Lavender cocktailBotanical infusions are booming on drinks menus everywhere – and the gin train shows no sign of stopping, with supermarket shelves sporting increasingly daring flavours, from jasmine and rose to festive gingerbread. Lavender is among those flavours seeing a surge in popularity, leaving the confines of your grandmother’s bathroom and entering the foodie universe alongside botanical flavours such as thyme and cardamom. This picture-perfect lavender sour from The Montagu Kitchen takes inspiration from seasonal British produce and hedgerow flavours. We can’t think of a better way to mark the changing of seasons than savouring the last notes of summer with this indulgent floral creation. It’s perfectly balanced, with the lavender complementing – rather than overpowering – the gin to create a wonderfully refreshing tipple.
 

Experiential eating

Mushrooms on logTesco is celebrating the 20th anniversary of its Finest range by collaborating with food alchemists Bompas & Parr to create ‘Devour’, a culinary adventure that celebrates the sensory pleasures of food. Reminiscent of Willy Wonka's chocolate factory, Bompas & Parr has engineered an elaborate setting in which to explore the ingredients and origins of the latest Tesco Finest produce. Prepare to be shrunken like Alice in Wonderland as you enter a giant champagne bottle complete with floating edible bubbles. Embark on a trek through the forest to forage for mushrooms, explore a Himalayan salt mine, encounter coffee in its natural habitat and find out what's hidden at the end of the rainbow. By the end of the evening, guests will have sampled a full meal, from aperitifs to puddings. The event runs 11-13 October at Kachette in Shoreditch. 
 

New kitchen kit

Hummus in bowlIf you're a fan of nifty kitchen kit, read on. We've jumped aboard the latest kitchen craze from the US: the Instant Pot. This popular multi-cooker is an electric pressure cooker, slow cooker, steamer and rice cooker all rolled into one. We experimented with making super silky hummus from dried chickpeas (no need to soak them first) using the pressure cooker function. The result? This creamy dip (left), created in an hour and costing just 30p. Prepare to see the Instant Pot gracing kitchen worktops across the country and watch this space for our review of this handy piece of kitchen equipment, plus some recipe inspiration to get you started. Check out our reviews hub for more foodie gifts and our tried and tested kitchen kit.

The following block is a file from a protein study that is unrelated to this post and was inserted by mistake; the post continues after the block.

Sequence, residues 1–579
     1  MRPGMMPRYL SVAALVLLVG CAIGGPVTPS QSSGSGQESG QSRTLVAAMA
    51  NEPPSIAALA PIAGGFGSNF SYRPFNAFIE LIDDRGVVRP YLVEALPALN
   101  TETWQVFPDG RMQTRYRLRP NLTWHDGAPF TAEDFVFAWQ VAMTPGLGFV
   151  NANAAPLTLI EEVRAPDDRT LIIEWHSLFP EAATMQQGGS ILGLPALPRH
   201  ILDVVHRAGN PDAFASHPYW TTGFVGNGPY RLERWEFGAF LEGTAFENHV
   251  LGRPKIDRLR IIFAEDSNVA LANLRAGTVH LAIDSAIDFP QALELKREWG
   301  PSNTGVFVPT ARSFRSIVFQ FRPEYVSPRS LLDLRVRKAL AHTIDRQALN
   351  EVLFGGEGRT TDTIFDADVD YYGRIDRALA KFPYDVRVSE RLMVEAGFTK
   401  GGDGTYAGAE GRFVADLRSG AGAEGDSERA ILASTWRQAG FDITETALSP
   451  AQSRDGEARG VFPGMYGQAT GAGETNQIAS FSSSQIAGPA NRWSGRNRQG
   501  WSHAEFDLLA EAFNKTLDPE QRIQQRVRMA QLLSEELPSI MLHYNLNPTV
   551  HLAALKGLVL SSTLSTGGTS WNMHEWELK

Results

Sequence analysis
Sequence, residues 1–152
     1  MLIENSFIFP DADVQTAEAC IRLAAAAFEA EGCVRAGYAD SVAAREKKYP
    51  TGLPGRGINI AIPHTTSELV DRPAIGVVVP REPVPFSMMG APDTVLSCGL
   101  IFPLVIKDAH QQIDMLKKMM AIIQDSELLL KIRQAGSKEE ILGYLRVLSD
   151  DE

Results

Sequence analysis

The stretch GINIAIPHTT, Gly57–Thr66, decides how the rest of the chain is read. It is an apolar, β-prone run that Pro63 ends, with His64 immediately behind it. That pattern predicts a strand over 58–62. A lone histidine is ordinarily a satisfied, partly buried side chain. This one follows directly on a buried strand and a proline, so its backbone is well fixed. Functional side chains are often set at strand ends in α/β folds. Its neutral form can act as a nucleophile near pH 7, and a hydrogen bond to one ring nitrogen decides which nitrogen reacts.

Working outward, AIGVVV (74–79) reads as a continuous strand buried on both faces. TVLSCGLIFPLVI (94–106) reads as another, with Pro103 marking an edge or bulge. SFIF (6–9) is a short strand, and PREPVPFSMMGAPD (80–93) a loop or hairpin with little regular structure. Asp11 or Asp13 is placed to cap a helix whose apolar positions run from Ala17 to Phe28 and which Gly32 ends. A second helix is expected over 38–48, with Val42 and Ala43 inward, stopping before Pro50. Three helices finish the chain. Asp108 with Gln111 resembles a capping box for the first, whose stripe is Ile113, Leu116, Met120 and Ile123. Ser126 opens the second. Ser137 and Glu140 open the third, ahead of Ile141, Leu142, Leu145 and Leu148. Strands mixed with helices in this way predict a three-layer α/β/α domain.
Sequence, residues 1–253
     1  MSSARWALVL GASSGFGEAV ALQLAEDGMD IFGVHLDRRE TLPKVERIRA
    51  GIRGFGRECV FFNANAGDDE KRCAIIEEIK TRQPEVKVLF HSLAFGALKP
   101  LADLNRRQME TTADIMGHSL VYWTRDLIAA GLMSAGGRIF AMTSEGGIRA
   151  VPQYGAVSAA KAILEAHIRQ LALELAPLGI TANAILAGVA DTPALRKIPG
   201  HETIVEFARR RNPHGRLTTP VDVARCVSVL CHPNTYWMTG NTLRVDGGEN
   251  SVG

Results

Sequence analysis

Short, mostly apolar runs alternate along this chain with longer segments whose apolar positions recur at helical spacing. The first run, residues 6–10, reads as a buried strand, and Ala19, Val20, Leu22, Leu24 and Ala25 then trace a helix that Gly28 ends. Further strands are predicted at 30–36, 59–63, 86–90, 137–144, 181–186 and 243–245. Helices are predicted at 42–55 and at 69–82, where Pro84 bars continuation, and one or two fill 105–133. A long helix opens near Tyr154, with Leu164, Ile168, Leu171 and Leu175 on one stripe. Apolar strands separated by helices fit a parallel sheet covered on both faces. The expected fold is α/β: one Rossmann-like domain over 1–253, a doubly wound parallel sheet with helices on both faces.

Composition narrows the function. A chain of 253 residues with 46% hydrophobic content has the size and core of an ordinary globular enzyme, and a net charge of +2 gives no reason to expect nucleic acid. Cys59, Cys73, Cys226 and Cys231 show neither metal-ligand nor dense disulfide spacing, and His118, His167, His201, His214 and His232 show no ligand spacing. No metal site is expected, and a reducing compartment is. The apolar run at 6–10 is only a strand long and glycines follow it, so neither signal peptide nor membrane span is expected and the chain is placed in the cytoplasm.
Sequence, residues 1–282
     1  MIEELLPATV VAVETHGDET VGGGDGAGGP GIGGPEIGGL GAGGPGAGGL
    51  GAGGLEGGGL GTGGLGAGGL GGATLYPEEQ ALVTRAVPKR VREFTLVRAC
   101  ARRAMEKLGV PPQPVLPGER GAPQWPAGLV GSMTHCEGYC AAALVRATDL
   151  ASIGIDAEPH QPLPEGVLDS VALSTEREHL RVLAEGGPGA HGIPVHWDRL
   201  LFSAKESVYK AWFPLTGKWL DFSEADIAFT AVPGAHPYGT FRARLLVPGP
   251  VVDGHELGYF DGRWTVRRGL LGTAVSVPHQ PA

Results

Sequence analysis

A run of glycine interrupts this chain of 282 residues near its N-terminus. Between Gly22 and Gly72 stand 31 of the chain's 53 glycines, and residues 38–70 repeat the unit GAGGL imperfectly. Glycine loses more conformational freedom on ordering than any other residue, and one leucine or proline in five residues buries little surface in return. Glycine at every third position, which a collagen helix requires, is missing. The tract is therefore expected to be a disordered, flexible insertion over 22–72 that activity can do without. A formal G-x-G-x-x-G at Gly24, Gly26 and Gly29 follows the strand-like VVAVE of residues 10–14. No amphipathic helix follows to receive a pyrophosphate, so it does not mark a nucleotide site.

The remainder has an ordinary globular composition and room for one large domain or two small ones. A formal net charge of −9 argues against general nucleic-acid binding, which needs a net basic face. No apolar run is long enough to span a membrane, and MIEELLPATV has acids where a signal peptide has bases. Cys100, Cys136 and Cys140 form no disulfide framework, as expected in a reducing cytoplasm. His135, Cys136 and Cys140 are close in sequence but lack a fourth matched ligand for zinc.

Earlier this month we tried...

Low-waste shopping


With food and plastic waste continuing to hit the headlines, several new low- and zero-waste stores and restaurants have opened across the country. The latest on our radar is Pipoca, a unique new space in Brixton, which is a low-waste food shop and vegan crêperie. The shop sells everything from dried banana chips and cocoa nibs to rice, tea, olive oils and vinegars. Nothing is sold in packets – instead, customers are encouraged to bring their own containers or offered a free reusable jar to fill with whatever you’re buying and paying by the weight. The restaurant, sister to Senzala crêperie in Brixton Village, serves vegan crêpes, galettes, a range of savoury brunch options and smoothies. We enjoyed a savoury gluten-free galette packed with tomato lentils, sweet potato, red onion and olives, and a sweet crêpe with banana, strawberries, nuts and maple syrup. 

 

Sauerkraut


Pickled and fermented foods are still bang on trend, and it shows no signs of slowing down. This week, we tried a range of raw fermented pickles, krauts and sauces from London-based company Eaten Alive, including this smoky pink kraut. Super crunchy with a sour edge and low-level smoky chilli kick, it makes an excellent addition to a wrap stuffed with hummus and falafel or halloumi, or perks up a basic bangers and mash meal. If you roughly chop a spoonful, it can be stirred into soups, too – try a sweetish pumpkin or sweet potato version rather than sharper tomato. The pink colour comes from beetroot and red onion as the cabbage used is white. You need to keep the jar cold as the contents are not heat treated in any way so they are alive – just like it says on the tin.